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Why does leftover pizza taste so good? © Getty Images
© Getty Images

Why does leftover pizza taste so good?

Published: 18th April, 2022 at 18:00
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If you can't finish a whole takeaway pizza the night before, be sure to keep a couple of slices in the fridge for tomorrow.

A night in the fridge gives the delicious pizza flavours time to merge and mellow in a satisfying way. The pizza keeps its structure when cold, and the tomato layer prevents fat in the cheese topping from seeping into the dough base.

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Pizza temperature affects taste perception, with cold foods generally having less intense flavours than warm ones. At temperatures between 15 and 35°C, heat-sensitive channels in the tongue’s sweet and bitter taste receptors open wide, setting off a chain reaction to send strong signals to the brain.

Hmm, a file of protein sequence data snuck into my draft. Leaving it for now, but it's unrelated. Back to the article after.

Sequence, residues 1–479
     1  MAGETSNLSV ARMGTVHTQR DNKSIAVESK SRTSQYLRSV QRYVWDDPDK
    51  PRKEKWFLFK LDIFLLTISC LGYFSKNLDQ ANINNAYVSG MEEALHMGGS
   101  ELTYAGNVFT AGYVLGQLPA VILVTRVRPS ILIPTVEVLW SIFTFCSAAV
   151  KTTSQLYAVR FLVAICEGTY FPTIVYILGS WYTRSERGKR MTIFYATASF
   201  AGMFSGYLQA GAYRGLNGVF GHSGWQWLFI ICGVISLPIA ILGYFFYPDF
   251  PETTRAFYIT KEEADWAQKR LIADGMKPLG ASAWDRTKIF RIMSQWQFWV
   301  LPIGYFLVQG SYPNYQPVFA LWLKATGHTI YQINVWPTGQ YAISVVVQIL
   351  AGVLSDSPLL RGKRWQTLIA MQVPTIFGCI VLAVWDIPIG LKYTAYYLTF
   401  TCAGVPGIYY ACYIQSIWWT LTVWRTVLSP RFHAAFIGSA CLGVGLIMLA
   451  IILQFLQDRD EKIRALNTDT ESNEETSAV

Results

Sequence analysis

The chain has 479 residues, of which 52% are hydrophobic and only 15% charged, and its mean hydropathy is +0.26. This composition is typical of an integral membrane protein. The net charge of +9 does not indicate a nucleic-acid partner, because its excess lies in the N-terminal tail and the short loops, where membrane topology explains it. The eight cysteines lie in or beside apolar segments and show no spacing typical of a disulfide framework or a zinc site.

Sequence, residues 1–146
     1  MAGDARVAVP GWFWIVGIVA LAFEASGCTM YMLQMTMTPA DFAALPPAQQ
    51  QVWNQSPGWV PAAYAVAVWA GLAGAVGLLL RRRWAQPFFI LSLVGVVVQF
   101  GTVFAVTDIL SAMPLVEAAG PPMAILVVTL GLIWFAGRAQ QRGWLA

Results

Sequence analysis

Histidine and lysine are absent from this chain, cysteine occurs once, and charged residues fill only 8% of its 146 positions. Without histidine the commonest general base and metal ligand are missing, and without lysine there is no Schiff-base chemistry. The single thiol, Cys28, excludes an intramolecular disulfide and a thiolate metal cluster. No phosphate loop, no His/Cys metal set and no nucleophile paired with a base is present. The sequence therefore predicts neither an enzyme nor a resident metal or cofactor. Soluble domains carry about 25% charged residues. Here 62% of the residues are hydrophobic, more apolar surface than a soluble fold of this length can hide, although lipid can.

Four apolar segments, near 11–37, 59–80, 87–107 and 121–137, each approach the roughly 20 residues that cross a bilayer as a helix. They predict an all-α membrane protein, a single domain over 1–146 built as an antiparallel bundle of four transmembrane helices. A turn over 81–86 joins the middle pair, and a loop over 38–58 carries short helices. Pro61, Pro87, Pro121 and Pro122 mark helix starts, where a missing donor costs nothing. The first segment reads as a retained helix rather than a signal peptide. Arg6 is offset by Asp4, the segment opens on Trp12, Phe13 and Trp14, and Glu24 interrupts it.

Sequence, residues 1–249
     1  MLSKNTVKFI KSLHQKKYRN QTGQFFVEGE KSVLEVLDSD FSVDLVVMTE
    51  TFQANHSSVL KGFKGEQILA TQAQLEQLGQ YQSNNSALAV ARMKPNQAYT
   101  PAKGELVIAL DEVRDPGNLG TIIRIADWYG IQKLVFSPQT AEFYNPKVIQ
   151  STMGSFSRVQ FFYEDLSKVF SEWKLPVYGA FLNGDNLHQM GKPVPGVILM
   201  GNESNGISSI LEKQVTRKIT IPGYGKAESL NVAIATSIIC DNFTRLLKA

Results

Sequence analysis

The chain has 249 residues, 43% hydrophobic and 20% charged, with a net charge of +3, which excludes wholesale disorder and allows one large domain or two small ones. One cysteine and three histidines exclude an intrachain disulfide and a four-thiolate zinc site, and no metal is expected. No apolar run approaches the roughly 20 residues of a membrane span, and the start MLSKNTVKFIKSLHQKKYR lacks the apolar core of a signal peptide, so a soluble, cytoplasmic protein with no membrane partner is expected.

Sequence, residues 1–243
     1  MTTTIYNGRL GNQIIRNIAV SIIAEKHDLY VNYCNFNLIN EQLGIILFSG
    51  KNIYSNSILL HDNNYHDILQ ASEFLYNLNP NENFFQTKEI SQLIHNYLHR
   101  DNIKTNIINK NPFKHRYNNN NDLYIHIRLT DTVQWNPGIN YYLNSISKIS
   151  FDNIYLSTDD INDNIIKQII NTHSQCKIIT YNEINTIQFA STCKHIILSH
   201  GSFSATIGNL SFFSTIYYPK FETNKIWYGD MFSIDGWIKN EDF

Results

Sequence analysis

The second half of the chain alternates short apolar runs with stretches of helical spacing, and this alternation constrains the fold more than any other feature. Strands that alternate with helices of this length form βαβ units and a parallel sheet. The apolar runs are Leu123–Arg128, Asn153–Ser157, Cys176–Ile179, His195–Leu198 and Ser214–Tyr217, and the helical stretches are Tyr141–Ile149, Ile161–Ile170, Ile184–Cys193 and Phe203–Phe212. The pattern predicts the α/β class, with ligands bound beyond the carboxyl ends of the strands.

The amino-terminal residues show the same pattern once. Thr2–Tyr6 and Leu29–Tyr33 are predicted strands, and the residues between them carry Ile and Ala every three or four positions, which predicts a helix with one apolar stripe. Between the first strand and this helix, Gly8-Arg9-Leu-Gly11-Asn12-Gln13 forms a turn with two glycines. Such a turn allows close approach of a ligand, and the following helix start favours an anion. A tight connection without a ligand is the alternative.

At lower temperatures, the channels barely open and the signals are weaker. Salty and sour taste receptors are not affected by temperature in the same way and cold pizza can actually taste saltier, and very, very tasty.

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Asked by: Phil Black, Oxford

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Authors

Dr Emma Davies is a science writer and editor with a PhD in food chemistry from the University of Leeds. She writes about all aspects of chemistry, from food and the environment to toxicology and regulatory science.

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